Henry’s second marriage did not result in any children either (are we looking at a case of 19th century infertility here?) but they seemed to have several relatives as foster children. First of all, in 1871, there was nine year old Alice Bishop. Alice was the daughter of Henry’s mischievous brother William and his first wife Mary Downing, who had died in 1866. I do wonder why Alice was living with Henry when her own father and her brothers were living just down the road. Alice was still living with Henry in 1881, married in 1885 and had one son, Victor Wisbey before sadly dying at the young age of 26 in 1888. Victor Wisbey stayed with Henry until he was fifteen, when he went to stay with an aunt in Northamptonshire. By 1881, Annie Bishop had joined the family. Annie was another niece, the daughter of another of Henry’s brothers, James. Sadly both of Annie’s parents had died and her older sister and brother had ended up in the orphanage and workhouse respectively. in 1901 Annie had left for London, where she was working as a servant for Robert Ellwood, one of Sarah Two’s cousins!
Henry was once again widowed in 1898, but he wasn’t alone for long. He married Annie Summerscales, a Yorkshire-born nurse with the Salvation Army. She was 29 and he was 73. In 1901 they were living together in Southminster, but it seems this marriage did not remain harmonious for long. In 1902 Henry issued a summons against Annie for assault. He eventually withdrew the summons, and the Chelmsford Chronicle commented that “they had not lived happily together for some time, an assault took place, and they had agreed the best thing to do now was to live apart”.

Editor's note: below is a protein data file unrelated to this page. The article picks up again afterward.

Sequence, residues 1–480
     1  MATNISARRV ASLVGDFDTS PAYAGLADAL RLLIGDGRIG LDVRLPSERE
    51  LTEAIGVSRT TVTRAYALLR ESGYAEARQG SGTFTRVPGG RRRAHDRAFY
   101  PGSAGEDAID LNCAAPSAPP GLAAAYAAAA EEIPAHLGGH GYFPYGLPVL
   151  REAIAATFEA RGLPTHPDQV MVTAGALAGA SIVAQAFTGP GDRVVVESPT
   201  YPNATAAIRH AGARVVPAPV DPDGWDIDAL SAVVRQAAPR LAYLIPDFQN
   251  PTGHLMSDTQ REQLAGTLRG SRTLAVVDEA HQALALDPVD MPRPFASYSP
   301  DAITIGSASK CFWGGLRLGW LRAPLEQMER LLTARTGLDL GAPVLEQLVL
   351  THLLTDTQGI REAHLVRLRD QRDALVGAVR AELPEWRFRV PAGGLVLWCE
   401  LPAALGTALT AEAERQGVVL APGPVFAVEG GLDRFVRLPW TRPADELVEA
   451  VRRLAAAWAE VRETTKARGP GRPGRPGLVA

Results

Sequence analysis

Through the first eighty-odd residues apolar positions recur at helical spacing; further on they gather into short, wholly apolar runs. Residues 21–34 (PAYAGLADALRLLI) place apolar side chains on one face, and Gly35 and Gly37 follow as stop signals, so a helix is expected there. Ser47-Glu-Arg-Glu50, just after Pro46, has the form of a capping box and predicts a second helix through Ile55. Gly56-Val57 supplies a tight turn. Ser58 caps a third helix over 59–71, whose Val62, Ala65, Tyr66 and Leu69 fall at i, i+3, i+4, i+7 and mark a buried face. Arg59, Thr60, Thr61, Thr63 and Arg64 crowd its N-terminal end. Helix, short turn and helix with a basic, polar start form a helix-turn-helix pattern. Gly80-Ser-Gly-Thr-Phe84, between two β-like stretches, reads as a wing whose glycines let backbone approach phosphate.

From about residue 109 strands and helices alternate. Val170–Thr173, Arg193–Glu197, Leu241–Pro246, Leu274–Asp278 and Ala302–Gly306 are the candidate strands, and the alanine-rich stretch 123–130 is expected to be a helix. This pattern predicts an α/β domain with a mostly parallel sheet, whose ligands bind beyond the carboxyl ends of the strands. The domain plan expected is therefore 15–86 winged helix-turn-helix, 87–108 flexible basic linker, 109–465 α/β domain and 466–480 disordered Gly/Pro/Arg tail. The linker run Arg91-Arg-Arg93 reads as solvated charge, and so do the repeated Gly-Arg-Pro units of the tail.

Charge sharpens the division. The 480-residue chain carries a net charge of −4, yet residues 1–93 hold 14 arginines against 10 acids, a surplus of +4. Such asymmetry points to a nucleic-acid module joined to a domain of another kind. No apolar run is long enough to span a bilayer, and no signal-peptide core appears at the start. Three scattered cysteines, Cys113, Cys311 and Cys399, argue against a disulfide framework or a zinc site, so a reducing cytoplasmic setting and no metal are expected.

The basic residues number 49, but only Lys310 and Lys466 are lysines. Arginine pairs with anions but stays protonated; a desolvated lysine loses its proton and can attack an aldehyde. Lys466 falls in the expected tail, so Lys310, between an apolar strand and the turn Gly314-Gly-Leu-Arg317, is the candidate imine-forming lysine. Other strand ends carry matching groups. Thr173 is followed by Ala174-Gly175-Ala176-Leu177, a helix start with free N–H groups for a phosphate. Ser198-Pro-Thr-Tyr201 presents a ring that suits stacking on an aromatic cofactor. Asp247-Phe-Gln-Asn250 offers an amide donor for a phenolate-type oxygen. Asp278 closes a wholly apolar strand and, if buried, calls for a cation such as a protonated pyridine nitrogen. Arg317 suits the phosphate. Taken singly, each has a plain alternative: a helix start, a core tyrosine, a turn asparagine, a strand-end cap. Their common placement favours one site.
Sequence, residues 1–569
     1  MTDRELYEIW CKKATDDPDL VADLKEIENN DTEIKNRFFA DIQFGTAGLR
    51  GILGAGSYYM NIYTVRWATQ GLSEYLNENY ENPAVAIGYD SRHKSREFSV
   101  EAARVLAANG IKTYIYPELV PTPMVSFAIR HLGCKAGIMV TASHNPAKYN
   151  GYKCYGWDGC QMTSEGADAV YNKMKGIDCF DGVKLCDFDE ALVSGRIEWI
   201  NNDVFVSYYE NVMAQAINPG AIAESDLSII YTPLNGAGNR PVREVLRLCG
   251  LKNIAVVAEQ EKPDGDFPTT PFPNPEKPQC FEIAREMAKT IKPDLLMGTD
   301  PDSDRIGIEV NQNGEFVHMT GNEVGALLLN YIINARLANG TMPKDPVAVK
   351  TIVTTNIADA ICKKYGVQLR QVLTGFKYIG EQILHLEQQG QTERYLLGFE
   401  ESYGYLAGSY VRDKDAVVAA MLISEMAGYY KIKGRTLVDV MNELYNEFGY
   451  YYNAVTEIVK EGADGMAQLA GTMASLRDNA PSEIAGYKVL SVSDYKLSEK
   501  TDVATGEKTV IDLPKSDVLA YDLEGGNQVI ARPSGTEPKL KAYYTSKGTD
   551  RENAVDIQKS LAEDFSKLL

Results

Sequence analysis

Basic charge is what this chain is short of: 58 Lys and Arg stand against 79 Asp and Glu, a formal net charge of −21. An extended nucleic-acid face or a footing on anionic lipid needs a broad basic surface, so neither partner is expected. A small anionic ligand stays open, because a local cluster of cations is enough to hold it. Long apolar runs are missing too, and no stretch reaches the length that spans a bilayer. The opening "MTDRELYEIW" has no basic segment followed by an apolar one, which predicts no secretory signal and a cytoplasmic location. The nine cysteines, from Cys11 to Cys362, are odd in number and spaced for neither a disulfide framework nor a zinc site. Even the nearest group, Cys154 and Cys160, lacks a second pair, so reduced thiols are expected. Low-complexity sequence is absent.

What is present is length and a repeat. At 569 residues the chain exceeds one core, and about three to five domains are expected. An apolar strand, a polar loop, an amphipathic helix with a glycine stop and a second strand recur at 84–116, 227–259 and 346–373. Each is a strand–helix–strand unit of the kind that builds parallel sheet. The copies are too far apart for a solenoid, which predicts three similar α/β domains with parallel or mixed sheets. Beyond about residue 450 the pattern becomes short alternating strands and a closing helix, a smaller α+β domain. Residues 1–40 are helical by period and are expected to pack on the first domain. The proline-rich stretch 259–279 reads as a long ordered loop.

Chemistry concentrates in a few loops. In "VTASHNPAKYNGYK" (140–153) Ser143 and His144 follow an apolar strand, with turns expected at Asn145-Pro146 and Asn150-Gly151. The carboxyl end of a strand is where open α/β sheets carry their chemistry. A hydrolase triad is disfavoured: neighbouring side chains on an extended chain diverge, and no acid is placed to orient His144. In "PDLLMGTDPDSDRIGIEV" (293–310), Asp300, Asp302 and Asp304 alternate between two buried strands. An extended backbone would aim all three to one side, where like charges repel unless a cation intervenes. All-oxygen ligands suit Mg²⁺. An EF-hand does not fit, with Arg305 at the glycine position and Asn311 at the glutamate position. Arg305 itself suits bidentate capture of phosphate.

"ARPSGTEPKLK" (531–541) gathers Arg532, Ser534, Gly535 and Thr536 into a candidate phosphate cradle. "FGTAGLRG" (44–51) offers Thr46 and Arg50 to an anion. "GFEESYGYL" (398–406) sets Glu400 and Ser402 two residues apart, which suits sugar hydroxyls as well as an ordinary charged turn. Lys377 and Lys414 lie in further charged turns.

Henry died a year later, and according the the report in the paper, his wife Annie was not present at the funeral. He was a very rich man when he died, and left instructions for his ten houses to be sold and the proceeds be split equally amongst ten nieces and nephews. He left his work tools to his great nephew Victor, and there were a number of smaller bequests to other friends and relatives. (The wills of people who died without a living spouse or children are often very interesting as they list a number of more distant relatives). Annie received £10, which would be worth approximately £1000 in today’s money – quite a kind bequest for someone who had assaulted him, but very little compared with what Henry was worth, and the wording of this will implies the legacy was made more through legal necessity than kindness.
Henry was buried with his second wife Sarah in the graveyard of the Congregational Church, and the inscription of the gravestone makes his affection for her quite clear. Though the church itself was destroyed by a German bomb during WW2, the graveyard was unharmed and Henry’s grave, along with those of several of his relatives, can be seen to this day.
Original will of Henry Bishop, 1904. Obtained from Find A Will
Chelmsford Chronicle, 19 February 1904. From Find My Past.
Chelmsford Chronicle, 25 October 1902. From Find My Past.